Tips for Keeping Gasoline and Household Chemicals Out of Your Water Supply
- Keep as little gasoline around the home as possible. Gasoline is both flammable and toxic (with or without MTBE), and it is one of the most dangerous chemicals you will encounter on a regular basis.
- Store all Gasoline (and other toxic chemicals) as far away and downslope from your well (and your neighbor's well) as possible.
- Buy only what you need and use it up! Most manufacturers recommend that you do not store gasoline in power equipment for more than a month, so be sure to run your equipment dry.
- There are no cheap or easy answers for the proper disposal of gasoline that has become "gummy" or contaminated with dirt or water. Check with your state or town to see if there is a household hazardous waste pickup day in your area.
- If you do end up with some leftover fresh gas at the end of a season of yard work, add fuel stabilizer before it gets old (generally more than 30 days from purchase).
- Never mix left-over gasoline/oil from a two cycle engine with crankcase oil and take it to a service station or municipal trash transfer station. Many times, these places burn waste oil in space heaters and gasoline could cause an explosion.
- Never, ever - don't even think about - burning brush with leftover gasoline!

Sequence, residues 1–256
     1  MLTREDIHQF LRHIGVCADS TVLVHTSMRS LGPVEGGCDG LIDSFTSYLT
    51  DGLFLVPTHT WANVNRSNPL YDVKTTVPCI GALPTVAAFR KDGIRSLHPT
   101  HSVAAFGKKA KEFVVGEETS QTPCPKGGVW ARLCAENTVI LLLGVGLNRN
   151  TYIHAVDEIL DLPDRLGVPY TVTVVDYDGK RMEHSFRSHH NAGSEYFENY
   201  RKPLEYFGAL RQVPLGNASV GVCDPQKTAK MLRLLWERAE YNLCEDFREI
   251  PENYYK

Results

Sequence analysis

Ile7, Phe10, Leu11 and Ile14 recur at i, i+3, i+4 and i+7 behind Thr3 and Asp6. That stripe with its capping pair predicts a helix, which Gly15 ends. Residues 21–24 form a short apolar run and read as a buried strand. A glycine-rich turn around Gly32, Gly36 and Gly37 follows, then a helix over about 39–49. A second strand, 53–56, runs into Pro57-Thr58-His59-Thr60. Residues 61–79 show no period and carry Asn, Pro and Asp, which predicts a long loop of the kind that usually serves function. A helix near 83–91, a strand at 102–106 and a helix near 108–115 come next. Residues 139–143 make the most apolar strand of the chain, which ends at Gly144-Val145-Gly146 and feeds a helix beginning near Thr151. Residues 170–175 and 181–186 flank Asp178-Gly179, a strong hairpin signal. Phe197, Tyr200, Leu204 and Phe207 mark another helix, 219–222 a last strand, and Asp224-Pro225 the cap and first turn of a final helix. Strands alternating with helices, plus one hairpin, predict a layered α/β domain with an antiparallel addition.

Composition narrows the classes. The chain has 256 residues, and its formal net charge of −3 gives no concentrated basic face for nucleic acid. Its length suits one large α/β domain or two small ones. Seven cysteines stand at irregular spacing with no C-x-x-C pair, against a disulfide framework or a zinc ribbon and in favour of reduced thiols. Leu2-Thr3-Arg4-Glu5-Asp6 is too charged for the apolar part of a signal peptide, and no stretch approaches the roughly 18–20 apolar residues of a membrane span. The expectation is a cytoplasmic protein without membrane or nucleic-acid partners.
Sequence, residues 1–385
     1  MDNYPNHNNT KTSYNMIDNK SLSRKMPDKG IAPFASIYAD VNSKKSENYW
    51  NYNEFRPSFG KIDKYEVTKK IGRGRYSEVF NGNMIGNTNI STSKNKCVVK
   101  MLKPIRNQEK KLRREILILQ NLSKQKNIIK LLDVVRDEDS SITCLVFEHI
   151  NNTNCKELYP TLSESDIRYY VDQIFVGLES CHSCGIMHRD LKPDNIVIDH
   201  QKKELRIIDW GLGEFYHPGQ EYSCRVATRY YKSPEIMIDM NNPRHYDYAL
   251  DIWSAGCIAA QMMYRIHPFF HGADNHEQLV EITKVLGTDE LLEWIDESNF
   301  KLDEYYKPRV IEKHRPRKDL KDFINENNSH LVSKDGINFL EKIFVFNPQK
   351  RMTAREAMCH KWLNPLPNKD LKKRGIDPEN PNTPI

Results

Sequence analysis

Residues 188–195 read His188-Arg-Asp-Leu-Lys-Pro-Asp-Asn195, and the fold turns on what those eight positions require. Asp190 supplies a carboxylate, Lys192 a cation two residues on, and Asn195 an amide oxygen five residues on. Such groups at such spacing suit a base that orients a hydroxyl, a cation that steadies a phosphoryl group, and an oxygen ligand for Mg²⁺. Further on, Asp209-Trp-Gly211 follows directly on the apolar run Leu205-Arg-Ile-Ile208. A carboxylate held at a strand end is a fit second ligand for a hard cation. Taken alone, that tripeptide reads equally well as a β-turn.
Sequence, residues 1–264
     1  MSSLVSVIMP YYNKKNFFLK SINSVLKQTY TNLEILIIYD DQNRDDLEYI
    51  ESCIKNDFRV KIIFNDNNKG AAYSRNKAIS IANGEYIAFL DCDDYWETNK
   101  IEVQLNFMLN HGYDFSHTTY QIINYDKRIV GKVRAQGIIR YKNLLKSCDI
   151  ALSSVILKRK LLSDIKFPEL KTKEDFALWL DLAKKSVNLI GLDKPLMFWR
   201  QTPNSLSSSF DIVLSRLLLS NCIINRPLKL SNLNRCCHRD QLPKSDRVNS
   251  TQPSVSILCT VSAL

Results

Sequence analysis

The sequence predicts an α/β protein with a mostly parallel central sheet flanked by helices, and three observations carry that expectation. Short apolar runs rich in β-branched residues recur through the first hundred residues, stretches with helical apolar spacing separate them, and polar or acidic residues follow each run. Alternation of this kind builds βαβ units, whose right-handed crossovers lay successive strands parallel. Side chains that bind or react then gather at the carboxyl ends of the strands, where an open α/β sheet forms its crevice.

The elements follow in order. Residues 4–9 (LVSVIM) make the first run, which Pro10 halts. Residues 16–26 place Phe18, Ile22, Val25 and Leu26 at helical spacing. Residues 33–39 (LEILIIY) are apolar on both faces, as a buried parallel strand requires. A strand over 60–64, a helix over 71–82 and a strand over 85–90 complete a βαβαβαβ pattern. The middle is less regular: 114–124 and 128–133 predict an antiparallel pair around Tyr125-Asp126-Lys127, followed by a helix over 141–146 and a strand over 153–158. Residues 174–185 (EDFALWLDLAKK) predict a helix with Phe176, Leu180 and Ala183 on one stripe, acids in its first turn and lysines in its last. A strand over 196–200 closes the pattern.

- Store gasoline in U.L.- listed (red for gasoline, blue for kerosene) containers. Clearly label these containers to identify the contents and fit them with a spout to allow contents to be poured without spilling.
- Check out New York State's new regulation for portable fuel containers (gas cans and gas can spouts) (77 KB PDF, 15 pgs.). Never store gasoline in unapproved containers such as glass jars or plastic milk jugs. These can break or deteriorate, causing a spill or a fire.
- Store all gasoline containers in a well ventilated shed or detatched garage, away from the reach of children.
- Once a month check for leaks from fuel tanks, engines, or storage containers (UL-listed plastic containers will not rust).
- Little leaks and spills can add up and cause groundwater contamination. Don't be a do-it-yourselfer when it comes to changing your car's crankcase oil (which may contain a small measure of MTBE). Have it done at an oil change shop or service station that recycles the waste oil. Paying $19.95 every 3,000 miles is cheap insurance against groundwater contamination.
- Buy only what you need.
- Use what you've got.
- Store away from your home and well.
Reproduced courtesy of L.U.S.T. Line, New England Interstate Water Pollution Control Commission